The simplicity of the camera API was a surprise to me. In the beginning I didn’t have the right tools. I was using the 7.0 SDK. Raw camera data access can be found in the 7.1 SDK only. It took me a little time before realizing this, but when I got the chance to code in the right environment, it wasn’t long until I got the camera working. It went smoother than I expected it would.
The game is very mobile specific I would say. It is design to use what is particular about the mobile platform. So, it cannot be just any game. Mobile may have less power in terms of process or graphic, but there are functionalities that are specific to the phone, so the game is designed to use what is particular about new smartphones, their camera.
The game uses tap for having the little man jump. It is the only way to control him
The idea I would say. It is funny how many people actually imagine a little man running alongside their ride. I saw a post on a webpage about the topic and I realize how many people actually imagine a little man running or at least something similar. I would like to bring this little game of ours to life and I did it.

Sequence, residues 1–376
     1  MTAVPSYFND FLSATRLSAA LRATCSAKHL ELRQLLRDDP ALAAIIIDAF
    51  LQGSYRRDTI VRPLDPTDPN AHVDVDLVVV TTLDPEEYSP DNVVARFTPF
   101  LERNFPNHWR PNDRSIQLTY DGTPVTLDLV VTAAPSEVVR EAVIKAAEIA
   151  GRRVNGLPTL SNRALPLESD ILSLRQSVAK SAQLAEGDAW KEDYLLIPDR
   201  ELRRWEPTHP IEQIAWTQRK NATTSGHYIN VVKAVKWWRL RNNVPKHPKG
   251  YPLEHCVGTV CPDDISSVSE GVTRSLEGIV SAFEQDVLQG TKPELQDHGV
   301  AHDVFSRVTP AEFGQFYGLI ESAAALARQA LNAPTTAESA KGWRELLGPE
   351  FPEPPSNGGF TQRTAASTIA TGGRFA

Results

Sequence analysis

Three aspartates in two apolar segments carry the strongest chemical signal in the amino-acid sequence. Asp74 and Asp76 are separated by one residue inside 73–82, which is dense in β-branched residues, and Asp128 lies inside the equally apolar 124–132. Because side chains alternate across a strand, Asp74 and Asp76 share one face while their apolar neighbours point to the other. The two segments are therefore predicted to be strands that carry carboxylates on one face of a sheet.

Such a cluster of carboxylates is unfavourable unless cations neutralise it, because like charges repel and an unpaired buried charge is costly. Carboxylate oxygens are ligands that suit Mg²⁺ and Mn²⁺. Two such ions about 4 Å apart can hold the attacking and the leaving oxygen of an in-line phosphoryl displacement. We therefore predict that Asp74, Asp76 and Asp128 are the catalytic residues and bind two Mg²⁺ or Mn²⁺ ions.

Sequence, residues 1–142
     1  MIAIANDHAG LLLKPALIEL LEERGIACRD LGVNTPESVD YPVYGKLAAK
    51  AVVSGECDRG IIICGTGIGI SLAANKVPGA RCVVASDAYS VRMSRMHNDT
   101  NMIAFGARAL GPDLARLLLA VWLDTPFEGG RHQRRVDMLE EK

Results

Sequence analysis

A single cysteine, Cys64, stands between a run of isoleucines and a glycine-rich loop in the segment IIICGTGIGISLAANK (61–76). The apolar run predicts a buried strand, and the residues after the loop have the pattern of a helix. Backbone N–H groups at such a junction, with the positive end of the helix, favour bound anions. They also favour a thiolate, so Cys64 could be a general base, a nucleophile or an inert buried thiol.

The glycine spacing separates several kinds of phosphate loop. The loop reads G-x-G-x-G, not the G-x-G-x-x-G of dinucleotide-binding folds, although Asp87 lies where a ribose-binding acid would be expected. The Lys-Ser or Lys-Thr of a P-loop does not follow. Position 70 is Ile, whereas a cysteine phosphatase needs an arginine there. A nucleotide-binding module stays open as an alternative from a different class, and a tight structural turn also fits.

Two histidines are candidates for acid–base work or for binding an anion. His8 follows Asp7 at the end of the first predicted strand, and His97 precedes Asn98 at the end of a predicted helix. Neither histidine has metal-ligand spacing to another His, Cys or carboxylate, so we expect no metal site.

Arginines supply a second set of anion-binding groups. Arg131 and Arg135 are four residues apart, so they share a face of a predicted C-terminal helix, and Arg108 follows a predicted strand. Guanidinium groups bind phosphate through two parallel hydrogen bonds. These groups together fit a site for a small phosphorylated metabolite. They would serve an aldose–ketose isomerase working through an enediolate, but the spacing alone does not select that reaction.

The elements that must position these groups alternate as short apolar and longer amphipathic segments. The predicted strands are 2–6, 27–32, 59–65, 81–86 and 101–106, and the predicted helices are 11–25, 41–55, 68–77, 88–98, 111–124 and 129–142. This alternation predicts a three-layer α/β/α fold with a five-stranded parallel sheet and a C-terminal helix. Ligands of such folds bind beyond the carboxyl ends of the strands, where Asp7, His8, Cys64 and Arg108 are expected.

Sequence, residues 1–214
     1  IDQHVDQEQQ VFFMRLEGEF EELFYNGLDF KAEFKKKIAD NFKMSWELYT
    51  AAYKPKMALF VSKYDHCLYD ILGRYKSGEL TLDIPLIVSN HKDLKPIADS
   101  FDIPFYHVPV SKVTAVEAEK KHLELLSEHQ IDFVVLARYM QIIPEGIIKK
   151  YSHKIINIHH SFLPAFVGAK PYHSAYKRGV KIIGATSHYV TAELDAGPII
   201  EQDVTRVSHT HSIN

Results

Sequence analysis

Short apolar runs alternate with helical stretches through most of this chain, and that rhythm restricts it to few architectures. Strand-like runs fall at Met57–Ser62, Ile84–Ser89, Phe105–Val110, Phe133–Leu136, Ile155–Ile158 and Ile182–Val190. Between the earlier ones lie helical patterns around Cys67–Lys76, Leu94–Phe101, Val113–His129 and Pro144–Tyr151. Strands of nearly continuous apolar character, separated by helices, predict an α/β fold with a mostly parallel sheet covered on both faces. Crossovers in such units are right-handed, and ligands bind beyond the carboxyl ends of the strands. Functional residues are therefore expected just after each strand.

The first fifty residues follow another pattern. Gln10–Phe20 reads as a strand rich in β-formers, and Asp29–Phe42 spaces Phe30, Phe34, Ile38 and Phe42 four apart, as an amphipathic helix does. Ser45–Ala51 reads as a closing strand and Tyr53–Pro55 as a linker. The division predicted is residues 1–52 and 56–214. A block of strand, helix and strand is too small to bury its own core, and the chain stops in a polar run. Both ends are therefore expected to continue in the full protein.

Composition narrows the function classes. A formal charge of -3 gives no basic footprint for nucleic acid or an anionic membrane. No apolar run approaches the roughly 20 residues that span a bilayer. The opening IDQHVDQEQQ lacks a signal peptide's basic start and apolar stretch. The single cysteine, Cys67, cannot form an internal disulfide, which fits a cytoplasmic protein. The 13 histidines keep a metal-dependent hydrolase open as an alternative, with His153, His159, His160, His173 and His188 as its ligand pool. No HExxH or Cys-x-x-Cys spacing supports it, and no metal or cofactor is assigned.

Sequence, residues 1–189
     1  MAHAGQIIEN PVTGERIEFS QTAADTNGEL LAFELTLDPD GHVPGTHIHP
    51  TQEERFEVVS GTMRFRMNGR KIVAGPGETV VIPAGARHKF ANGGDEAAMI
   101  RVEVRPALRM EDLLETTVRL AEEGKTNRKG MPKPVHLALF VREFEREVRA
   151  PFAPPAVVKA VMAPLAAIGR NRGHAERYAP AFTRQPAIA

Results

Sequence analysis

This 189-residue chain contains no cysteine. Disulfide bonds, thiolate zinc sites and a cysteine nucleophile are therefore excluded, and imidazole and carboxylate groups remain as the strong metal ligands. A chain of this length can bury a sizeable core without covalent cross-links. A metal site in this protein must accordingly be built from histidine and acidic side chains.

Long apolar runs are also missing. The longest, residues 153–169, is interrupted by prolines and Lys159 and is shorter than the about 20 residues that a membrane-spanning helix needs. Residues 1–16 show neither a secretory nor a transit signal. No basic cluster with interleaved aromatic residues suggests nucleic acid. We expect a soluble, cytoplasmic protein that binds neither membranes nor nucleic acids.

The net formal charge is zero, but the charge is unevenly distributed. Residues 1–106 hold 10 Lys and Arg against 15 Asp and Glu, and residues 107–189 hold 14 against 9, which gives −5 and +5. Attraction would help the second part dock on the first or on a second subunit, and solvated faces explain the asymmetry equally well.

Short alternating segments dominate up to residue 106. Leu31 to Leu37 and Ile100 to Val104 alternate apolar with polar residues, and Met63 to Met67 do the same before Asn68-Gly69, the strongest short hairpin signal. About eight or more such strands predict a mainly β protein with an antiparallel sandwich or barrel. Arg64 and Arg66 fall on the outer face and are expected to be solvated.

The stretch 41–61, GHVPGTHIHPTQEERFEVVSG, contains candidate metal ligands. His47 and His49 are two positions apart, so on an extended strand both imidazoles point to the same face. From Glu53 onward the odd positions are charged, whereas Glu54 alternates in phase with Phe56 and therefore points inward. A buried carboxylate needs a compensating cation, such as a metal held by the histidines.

Joe Yip, that’s my publisher name. People call me Joe, but some calls me Kam Shing which is my other name. I am a computer science student at Concordia University in the computer games option. I make games for school projects, personal projects or events. I enjoy making games, not only it is fun, but it also gives me a sense of accomplishment.
Look for Road Trip Runner on the Windows Phone Marketplace.
While the default controls in the Windows Phone SDK are nice, there are more free controls you can download and use as well to make your applications even better!
My continuing adventures exploring Windows Phone application development. If you missed my early stories, you can find them here. Don’t forget Canada, you only have until May 20th, 2012 to have your app published to get prizes from developermovement.com
I finally have a bit of time to go back to my Windows Phone app. I have a textbox for entering a time which forces numeric input. It works but I can’t help but feel there should be a better control than just a textbox. When I look at other windows phone apps I see a lot of really nice looking controls that I don’t see in my toolbox. After a little searching I discovered you can download a Windows Phone Toolkit and get more new Windows Phone controls for free!